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ODOT asks for input on ways to recoup lost revenue from gas taxes

The Ohio Department of Transportation (ODOT) has launched a new website to educate and get feedback on several options being considered to increase revenue in the face of decreasing gasoline consumption. Ohio is one of 14 states that received federal funding to explore alternative funding mechanisms such as mileage-based user fees (MBUF).

The website Exploring Ohio Road Funding Alternatives presents 3 of 30 options currently being considered. Results of the survey on the website will be incorporated into a report submitted to the General Assembly later this year.

The 3 options presented include:

  • Raise the current vehicle gasoline tax 10 cents/gallon from 38.5 to 48.5 cents per gallon.
  • Raise basic registration fees by $50 from $31 to $81/year; Owners of hybrid & electric vehicles (EVs) would continue to pay an additional flat fee ($100 and $200 respectively)
  • Create a mileage-based user fee (MBUF) of 14 to 18 cents/mile based on miles driven

Options needed to recoup lower tax revenues

Across the nation, changes in driving habits due to CO-VID lock downs, high gas prices, improved gas efficiency of newer models and the rise in popularity of hybrid and electric vehicles (EVs) is resulting in lower gas consumption and lower gas tax revenues. ODOT projects fuel consumption to drop 40% through 2040 and electric vehicle adoption to rise 30% over that period. Currently ODOT relies on the gas tax for 70% of funding used to maintain 43,000 mile of roadway and 14,000 bridges.

Options focus on fairness

While the driving force for considering these funding options is financial, it is curious that there is no discussion or comparison of these options in terms of the estimated additional tax revenue they would generate. Instead, the graphical presentations (shown above) draw attention to the “fairness” of the funding approaches. In this context, option 3 shows that that substituting a MBUF for the current gas tax would correct the inequity that currently exists in gas taxes paid by high efficiency gasoline powered vehicle and hybrid/EVs.

Legislation enacted in 2019 raised the gas tax from 28 to 38.5 cents/gallon and created the added registration fee for hybrid and EVs as a way to make up for the lost gas tax. The description for option 3 states that “this approach could ultimately replace the gas tax and the additional registration fees on electric ($200) and hybrid ($100) vehicles.”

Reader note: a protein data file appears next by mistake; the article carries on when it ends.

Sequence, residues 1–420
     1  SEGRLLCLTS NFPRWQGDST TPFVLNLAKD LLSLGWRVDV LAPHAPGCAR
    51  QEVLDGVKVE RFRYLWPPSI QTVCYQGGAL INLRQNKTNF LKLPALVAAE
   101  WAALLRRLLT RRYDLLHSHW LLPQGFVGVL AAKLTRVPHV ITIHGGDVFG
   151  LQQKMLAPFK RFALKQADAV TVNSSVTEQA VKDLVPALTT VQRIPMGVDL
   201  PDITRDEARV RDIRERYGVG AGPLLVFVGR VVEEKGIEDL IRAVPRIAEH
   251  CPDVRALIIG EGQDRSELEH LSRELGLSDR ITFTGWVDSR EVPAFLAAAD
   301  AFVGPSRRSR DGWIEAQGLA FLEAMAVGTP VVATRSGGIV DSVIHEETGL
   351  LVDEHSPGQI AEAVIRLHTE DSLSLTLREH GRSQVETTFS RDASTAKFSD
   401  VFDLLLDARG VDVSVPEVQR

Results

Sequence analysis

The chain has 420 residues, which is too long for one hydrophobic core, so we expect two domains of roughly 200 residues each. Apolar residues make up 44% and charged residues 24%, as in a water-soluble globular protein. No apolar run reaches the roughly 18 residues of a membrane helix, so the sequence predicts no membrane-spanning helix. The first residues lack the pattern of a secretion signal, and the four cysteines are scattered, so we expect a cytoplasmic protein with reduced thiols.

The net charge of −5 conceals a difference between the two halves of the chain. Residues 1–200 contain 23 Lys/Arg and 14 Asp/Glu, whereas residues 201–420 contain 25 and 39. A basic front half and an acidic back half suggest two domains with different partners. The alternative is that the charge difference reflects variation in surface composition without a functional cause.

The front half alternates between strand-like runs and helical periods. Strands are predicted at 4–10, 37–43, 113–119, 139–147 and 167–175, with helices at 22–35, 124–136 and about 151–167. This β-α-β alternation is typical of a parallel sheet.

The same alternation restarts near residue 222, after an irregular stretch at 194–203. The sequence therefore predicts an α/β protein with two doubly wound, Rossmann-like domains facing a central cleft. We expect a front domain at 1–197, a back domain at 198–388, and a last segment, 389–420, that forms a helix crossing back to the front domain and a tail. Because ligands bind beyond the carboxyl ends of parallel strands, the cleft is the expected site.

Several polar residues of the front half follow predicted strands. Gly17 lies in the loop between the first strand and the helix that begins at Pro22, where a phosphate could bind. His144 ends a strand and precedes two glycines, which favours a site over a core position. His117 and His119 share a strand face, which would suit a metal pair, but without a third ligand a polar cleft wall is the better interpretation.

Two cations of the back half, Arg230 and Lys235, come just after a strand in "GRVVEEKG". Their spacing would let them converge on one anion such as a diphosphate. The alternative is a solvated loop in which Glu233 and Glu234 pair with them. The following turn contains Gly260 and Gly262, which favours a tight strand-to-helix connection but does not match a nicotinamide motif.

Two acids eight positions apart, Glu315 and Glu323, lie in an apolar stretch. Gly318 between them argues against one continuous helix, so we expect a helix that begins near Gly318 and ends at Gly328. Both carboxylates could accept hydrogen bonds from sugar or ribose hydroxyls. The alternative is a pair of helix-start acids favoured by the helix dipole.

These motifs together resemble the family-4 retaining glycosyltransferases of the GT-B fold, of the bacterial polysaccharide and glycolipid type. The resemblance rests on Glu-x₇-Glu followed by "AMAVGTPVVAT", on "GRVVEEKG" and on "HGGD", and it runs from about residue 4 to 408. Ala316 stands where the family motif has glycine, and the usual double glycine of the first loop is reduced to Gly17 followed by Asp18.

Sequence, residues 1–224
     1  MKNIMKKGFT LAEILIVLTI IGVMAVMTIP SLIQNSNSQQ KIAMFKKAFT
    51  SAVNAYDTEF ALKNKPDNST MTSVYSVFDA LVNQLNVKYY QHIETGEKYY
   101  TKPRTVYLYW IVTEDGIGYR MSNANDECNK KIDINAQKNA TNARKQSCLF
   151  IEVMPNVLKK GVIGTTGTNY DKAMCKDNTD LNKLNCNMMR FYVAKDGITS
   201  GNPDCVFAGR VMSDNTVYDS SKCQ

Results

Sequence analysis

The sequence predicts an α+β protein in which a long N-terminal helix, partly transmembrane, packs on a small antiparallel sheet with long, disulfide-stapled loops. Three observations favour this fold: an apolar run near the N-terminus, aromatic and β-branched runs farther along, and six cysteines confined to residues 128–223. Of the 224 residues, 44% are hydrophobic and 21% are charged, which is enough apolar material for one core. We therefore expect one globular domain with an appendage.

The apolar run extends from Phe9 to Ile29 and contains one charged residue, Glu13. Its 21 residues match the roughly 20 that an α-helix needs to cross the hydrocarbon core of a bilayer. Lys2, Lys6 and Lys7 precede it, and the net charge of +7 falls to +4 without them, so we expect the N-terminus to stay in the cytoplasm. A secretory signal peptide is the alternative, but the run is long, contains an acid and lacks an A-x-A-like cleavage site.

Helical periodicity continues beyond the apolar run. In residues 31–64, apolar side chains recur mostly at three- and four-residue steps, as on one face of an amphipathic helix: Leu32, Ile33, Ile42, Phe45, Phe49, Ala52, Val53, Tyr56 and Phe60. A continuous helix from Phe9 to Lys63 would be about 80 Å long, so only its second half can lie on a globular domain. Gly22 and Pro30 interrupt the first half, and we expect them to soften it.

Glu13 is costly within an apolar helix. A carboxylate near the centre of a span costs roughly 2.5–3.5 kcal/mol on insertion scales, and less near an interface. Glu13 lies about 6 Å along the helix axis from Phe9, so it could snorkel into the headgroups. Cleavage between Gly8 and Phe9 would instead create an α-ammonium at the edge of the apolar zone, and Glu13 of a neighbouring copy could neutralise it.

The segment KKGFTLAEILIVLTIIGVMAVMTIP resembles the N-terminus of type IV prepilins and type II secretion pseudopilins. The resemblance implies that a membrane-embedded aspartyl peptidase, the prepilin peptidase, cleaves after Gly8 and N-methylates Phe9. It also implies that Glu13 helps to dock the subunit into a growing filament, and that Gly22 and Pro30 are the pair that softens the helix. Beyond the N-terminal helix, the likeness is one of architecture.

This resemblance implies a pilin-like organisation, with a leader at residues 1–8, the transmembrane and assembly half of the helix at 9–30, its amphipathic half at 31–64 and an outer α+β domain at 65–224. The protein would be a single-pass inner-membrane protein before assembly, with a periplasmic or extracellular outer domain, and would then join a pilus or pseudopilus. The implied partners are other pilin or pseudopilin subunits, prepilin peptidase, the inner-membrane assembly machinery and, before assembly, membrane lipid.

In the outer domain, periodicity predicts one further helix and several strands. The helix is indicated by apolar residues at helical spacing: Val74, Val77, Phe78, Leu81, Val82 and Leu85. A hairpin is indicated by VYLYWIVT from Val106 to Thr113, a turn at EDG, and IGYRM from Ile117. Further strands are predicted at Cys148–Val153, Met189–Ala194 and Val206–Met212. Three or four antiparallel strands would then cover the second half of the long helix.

What are other states doing? 

As reported by Elaine Povich, at least eight states — Hawaii, Massachusetts, Minnesota, Tennessee, Utah, Vermont, Virginia and Washington — are looking to set up new or modify existing pilot MBUF programs for owners of hybrid and EVs. In some states, these drivers can end up paying less under the MBUF program than the fixed fees the states otherwise charge on electric vehicles. In all states these programs are voluntary.

To monitor mileage driven, states either install devices in vehicles to measure the miles driven that can report information directly to the state, rely on self-reporting measures or track miles through year-over-year odometer readings when drivers renew their registrations. For those that value personal privacy and freedom, the method used to determine miles driven is a critical consideration.

Other options being implemented that are not mentioned on the ODOT website include:  1) indexing the gas tax to keep up with inflation and 2) taxing the electricity used at public charging stations. Twenty-two states already have indexed gas taxes. And at least four states — Iowa, Kentucky, Oklahoma and Pennsylvania —are taxing the electricity used at public charging stations.

Concerns about personal privacy and freedom

Some environmentalists argue that if the goal is to get drivers into electric or hybrid vehicles, imposing taxes on them is a disincentive. Others worry that rather than a substitute for the gas tax, governments might impose a MBUF on top of gasoline taxes.

It is very likely that the Ohio legislature will elect to do all of the above in an effort recoup lost gas tax revenue:  raise and/or index the gas tax to inflation, increase basic registration fees, and establish a voluntary MBUF pilot program for hybrid and EV owners. Taxing electricity used at public charging stations should also be on the table.

Down the road should the state or federal government impose a mandatory MBUF on all vehicle owners, the debate should be about the mechanism used to report mileage. Laws at the state or federal government level that mandate the installation of devices capable of monitoring and reporting personal information directly to a government agency would be an infringement on personal privacy and personal freedom.

Weigh in by taking the survey

The survey begins by testing the respondent’s knowledge of ODOT’s revenue sources and then allows the respondent to pose questions and concerns. Respond here

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Third Base Politics is an Ohio-centric conservative blog that has been featured at Hot Air, National Review, Washington Post, Los Angeles Times, Pittsburgh Tribune-Review, and others.


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